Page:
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[ih] NCP and TCP implementations

 Bernie et al,
I am quite sure that the C/70 never ran the IMP code.
The MBB was probably funded by ARPA and its development was (I think) recorded in BBN QTRs to ARPA and definitely in other BBN Technical Reports.? But I think the C/70 was a BBN internal (self funded) project and (I think) was not in QTRs.? I do think there was at least one technical paper about the C/70 given at a conference but I can't find any reference, so perhaps not.

    On Monday, March 16, 2020, 1:28:21 PM EDT, Bernie Cosell via Internet-history <internet-history at elists.isoc.org> wrote:  
 On 16 Mar 2020 at 12:31, Noel Chiappa via Internet-history wrote:

> Anyway, on to what I wanted to comment on:
>? ? > From: Geoff Goodfellow
>? ? > for some reason when the C/70's came along, TIP's were renamed to
> TAC's
> IIRC, the C/70's were timesharing machines (running Unix, IITC); the
> C/
> machines which were packet switches (IMPs), terminal concentators (TACs)
> etc
> were C/30's. I note from the host tables that the TIP's all seem to have
> been
> H316's, and all TAC's were C/30's.

You're correct.? The TIP was a 316 IMP with the terminal handling code in the 
upper 16K of memory.? The C/30 was an implementation of the 316 on the MBB 
[Microprogrammable Building Block] that BBN had developed.? I have no idea 
about why it was "/30".? The MBB was "microprogrammable" and so we built the 
C/70 -- it was called the "C machine" and the idea what that "C" was its assembly 
language.? I have no idea how that project got started but three of us were 
working on it: Al Nemeth was hacking the Unix kernel,? Carl Howe did the 
microcode and I did a crosscompiler from TENEX to the MBB.

I think it was tagged the "C/70" because it was intended to run Unix as well as an 
11/70 [in practice it worked out to be MUCH faster].? the MBB had 20 bit words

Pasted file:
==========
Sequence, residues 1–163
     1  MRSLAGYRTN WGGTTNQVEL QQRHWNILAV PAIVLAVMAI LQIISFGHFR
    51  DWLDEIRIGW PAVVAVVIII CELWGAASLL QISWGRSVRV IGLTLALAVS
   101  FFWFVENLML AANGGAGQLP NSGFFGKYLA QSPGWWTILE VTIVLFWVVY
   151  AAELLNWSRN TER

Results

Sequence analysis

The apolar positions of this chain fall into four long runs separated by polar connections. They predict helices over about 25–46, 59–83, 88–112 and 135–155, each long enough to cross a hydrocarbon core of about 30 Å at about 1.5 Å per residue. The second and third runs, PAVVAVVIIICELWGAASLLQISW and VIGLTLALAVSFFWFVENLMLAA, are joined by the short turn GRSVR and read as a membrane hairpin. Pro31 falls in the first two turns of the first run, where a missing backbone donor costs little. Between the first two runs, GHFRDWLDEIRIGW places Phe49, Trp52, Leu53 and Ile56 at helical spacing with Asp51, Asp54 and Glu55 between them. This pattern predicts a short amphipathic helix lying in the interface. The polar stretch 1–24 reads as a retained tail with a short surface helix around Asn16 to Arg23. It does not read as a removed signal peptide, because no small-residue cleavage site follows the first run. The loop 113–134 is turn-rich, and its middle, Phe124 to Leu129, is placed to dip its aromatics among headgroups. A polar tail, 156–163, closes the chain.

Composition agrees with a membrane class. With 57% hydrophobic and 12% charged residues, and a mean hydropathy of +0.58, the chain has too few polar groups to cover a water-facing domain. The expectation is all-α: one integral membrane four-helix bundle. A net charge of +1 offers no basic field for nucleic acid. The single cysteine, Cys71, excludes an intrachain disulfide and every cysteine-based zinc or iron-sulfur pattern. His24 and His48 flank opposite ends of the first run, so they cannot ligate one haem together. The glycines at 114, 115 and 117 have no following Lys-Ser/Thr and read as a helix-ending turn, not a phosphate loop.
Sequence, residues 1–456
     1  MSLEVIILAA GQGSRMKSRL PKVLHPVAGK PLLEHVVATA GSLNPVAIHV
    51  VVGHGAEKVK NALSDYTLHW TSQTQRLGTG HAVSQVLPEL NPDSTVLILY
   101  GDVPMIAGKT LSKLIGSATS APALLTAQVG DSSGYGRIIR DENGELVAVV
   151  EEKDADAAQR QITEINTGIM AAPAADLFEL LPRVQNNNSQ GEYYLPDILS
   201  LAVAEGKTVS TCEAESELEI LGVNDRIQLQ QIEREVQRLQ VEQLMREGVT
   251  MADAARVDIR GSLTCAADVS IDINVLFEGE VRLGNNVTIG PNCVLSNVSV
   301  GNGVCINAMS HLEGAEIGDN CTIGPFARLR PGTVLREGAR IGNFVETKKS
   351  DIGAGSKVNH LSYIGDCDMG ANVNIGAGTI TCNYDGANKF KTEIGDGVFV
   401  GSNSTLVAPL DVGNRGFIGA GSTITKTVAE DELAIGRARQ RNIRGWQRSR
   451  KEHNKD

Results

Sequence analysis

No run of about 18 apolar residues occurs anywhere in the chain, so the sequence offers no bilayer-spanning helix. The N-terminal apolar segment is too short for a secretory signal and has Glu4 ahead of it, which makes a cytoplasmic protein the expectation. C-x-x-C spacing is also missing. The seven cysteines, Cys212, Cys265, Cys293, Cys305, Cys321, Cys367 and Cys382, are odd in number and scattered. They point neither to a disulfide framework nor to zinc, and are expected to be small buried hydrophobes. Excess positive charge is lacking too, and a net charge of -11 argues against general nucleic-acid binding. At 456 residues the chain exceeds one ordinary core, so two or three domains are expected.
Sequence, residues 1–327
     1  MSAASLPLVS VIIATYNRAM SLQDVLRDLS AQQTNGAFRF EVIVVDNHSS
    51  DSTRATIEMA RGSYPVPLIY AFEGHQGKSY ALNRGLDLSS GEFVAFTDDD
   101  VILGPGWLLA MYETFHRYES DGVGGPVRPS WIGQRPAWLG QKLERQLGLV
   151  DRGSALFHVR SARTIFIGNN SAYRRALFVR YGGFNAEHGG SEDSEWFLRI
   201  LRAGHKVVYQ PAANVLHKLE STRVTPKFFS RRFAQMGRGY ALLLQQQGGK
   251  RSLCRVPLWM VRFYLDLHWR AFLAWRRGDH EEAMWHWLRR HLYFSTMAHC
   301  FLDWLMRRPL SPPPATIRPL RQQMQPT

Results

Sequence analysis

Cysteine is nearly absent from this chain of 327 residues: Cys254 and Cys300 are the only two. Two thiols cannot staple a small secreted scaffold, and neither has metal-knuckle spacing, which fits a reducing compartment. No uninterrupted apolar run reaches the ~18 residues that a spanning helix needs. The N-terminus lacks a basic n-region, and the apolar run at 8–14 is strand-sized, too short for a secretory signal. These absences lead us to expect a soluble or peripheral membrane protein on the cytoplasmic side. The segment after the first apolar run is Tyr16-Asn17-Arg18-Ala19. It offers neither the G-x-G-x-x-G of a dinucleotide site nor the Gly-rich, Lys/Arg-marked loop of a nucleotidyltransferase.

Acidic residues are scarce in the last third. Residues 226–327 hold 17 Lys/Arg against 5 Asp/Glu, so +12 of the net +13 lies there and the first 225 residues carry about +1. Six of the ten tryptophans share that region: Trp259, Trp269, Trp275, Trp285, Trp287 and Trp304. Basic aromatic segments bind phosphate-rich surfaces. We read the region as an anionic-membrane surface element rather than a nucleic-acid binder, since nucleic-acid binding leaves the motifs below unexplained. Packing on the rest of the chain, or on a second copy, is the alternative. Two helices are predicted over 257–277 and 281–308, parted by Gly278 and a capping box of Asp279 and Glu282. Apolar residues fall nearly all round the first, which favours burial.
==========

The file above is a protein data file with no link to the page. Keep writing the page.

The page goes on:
and Al and Carl were designing a hand-tuned, irregular "instruction set".? Such 
things as a built-in indirect index: he figured out the optimal size of the offset 
field so that referencing part of a 'struct' through a pointer could be done in a 
single instruction not using a register.

There was *NO* regularity to the "instruction set" -- each instruction carved up 
the 20 available bits as seemed most efficient.? We added new/strange 
instructions as we saw fit [e.g.,: Al noticed that almost all subroutine calls in the 
kernel were either zero or one argument calls, and so we had two call 
instructions: the normal one [push push push <call>] and one that *always* 
pushed ONE arg and called in a single instruction.? I had the fun task of putting 
together a C cross compiler running on a 36 bit machine for a 20-bit-word 
machine to handle all that irregularity.

We eventually got the kernel working [with the underlying "instruction set" 
constantly evolving as Al looked at the code the compiler was producing and 
figuring ways to tweak things to make it faster.? Carl and I mostly kept up.? The 
big day [for me, at least] was when I ported the C compiler I"d been working on 
to run natively on the MBB [which involved taking out the 36-bit-ness and 
replacing it with 20-bit-ness].? The Unix kernel compiled on the MBB? and was 
bit-for-bit the same as the image produced on TENEX and we cut the strings to 
TENEX and it was now running solo.? That was pretty much when i left the 
project:? I have no idea [at least no memory] what happened after that [some of 
you might have guessed that I was a bit of a vagabond jack-of-all-trades at BBN: I 
worked on one project or another, got it working and "released" and then I went 
onto the next thing].? I don't remember what *we* called it, but shortly after we 
got it all working it went over to BBNCC and was marketed as the "C/70"

I don't remember its ever running the IMP code.? Alex/Dave: was any of the 
development of the C70 written up?? I wasn't much on writing reports :o)

? /Bernie\

? ? ? ? ? ? Bernie Cosell
? ? ? bernie at fantasyfarm.com
-- Too many people; too few sheep --

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